I recently read a post about writing for children. It focused on the story’s characters.
Basically, the post advised to create and know your characters inside and out before beginning the story. In fact, it suggested that the author build the story around the characters once they were fully developed. While this is good advice, and many experienced authors recommend this technique, there are some authors who occasionally watch their characters unveil themselves right before their eyes.
The Seat of the Pants Writing Method
This is such an interesting method of writing. Your character introduces himself and gradually reveals bits and pieces, and blossoms as the story moves along. I’m currently working on a middle grade science fiction manuscript that is using this style. I didn’t intentionally start the story this way…it just happened.
You do need to be careful with this method though, you may lose track of all the bits and pieces that make up the character. So, a good way to keep track of those quirky telltale marks, expressions, behavior patterns, and physical features is to note them on a page or card as they become unveiled. You wouldn’t want your character to have brown eyes in one chapter and blue eyes in another – unless of course, it’s a science fiction or paranormal and part of the storyline.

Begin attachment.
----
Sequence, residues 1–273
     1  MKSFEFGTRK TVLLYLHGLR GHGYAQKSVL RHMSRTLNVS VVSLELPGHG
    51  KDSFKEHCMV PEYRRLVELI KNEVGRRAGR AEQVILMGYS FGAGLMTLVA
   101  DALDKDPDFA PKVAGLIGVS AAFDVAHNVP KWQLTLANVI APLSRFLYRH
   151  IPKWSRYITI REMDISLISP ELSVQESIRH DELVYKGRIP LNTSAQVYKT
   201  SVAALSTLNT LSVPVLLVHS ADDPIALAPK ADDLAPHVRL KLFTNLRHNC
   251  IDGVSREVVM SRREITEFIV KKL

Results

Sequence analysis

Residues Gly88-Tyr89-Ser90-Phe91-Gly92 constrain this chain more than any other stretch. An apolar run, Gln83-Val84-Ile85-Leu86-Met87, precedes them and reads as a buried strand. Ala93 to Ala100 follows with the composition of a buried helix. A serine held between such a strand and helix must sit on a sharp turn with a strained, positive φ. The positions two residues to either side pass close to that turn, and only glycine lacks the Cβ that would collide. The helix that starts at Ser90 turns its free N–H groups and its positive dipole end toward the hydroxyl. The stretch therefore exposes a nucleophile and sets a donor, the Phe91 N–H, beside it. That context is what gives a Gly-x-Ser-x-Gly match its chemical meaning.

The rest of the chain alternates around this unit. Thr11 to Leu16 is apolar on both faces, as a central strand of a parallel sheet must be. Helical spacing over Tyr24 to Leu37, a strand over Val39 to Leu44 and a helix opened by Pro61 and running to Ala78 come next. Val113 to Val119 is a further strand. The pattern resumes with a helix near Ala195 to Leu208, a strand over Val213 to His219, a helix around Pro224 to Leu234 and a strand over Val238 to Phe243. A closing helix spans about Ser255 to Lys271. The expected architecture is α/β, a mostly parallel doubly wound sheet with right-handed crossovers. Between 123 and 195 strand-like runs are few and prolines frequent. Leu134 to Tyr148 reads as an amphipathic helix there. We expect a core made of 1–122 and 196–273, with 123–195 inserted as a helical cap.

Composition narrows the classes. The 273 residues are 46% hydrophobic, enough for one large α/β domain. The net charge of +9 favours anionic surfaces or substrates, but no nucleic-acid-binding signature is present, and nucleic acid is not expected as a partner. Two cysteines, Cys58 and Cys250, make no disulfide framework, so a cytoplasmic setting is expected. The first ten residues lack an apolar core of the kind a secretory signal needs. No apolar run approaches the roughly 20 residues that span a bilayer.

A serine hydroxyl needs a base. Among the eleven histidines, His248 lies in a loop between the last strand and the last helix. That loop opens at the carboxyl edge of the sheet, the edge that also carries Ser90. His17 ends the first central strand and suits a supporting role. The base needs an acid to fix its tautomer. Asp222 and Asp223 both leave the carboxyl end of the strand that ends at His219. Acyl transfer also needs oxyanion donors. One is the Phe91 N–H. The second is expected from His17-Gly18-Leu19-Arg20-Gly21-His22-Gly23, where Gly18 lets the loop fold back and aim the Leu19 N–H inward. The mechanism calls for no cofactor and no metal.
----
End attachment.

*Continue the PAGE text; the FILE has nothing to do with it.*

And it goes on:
Actually, in this particular story of mine I used the ‘seat-of-the-pants’ method of writing for the characters and the story. I had no idea what the story would be about until I began writing it. I’m about half finished with it, and I have no clue where it will go from the point it’s at now, but it’ll be interesting to find out.
It’s true that many authors prefer the outlined method of writing, and I actually do also. Although, it seems once in a while a story and the characters can lead the author through an entire manuscript without the benefit of a structured outline. I find this fascinating . . . watching characters evolve and a story unfold. It’s almost like magic…characters, a story, and even worlds appear from thin air. It is magic!
MORE ON WRITING FOR CHILDREN
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